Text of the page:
I also ran into a catch-22: even though I had been a member in good standing of the New Zealand journalists union, no paper or magazine in London would hire me unless I was a member of the British journalists union, and it was not possible to join that union without first having a job on a paper. When the local newspaper in Windsor turned me down for a posted job because I refused to promise not to get pregnant and ‘waste their time,’ I decided the best thing to do was to start work on my novel and to have another child. I believed, naively, that I could handle taking care of a child and having a writing career. In retrospect, any kind of job would have made better economic sense. We were desperately poor, but the dream of making my way as a writer still held.
I don’t remember much of the plot of that first novel. Two main characters were New Zealand immigrants to England, like ourselves. There was also another couple, and some symmetry of cross-coupling, probably influenced by the Iris Murdoch novels I was reading. I remember feeling uneasy that the plot line was uncovering a sense of dissatisfaction and disillusionment in my own life and that I didn’t know how to resolve the story.
By the time we left England five years later, my world revolved around our two small sons. I found it harder and harder to find time to work on my novel. I pushed aside the dissatisfactions with my own life that the novel echoed. In California things would be different, I told myself. I would devote my life to being a good mother. One bleak winter afternoon as we were packing up to leave the tiny house we had bought in Egham, Surrey, I came to a decision. I was alone, Tony at work, our older son playing at a neighbor’s house, the baby asleep upstairs. Outside under a lowering sky, the baby’s nappies, frozen into boards, hung motionless on the clothesline. Inside, a small coal fire burned in the grate. I sat on the floor in front of the fireplace and fed the unfinished draft of my novel page by page into the flames.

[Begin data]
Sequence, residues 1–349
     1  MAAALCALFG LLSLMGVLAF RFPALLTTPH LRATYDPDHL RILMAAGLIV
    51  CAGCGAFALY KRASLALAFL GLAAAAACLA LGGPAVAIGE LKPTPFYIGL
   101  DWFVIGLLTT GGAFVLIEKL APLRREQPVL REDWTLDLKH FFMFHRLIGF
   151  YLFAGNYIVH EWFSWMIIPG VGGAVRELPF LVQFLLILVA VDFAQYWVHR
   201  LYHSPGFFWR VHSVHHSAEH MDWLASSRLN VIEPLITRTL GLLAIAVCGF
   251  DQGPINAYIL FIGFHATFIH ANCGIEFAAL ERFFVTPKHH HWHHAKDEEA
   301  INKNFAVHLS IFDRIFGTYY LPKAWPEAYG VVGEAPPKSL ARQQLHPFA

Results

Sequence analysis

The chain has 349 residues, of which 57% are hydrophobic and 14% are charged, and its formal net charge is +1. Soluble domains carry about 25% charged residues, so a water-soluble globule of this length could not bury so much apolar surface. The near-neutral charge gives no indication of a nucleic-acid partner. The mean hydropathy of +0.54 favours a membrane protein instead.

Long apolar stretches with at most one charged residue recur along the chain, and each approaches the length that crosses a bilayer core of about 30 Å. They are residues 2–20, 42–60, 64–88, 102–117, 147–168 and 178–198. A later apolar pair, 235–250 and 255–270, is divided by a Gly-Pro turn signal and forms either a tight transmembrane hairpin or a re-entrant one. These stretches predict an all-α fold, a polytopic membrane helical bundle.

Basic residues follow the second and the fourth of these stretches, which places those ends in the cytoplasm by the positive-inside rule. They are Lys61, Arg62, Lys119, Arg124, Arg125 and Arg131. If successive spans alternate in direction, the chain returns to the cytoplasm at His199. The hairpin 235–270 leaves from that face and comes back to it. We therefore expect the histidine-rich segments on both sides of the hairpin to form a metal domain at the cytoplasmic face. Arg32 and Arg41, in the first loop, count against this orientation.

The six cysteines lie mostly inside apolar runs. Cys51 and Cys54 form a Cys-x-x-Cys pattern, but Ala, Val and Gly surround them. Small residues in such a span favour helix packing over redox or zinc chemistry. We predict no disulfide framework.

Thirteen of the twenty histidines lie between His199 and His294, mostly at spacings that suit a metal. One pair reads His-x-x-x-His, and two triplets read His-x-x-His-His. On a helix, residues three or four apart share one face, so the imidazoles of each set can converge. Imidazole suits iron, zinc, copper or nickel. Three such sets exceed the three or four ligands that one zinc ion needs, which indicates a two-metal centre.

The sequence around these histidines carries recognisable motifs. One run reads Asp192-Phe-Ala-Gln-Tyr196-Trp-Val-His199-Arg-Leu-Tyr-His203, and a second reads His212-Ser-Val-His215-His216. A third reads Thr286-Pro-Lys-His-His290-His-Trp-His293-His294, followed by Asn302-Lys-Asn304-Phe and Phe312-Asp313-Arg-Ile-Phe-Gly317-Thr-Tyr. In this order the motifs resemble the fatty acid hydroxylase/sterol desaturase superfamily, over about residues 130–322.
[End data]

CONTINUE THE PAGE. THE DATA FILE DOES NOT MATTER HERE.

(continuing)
Would she be able to watch my toddler for an afternoon while I went to a doctor’s appointment, I asked Margaret, my next-door neighbor in the block of new row houses we’d both recently moved into in 1965. An odd look came over her face, and a blush reddened her cheeks. A pause. “Actually, I have a doctor’s appointment that afternoon too.” Another pause. I don’t remember which of us said it first: “I think I’m pregnant again.”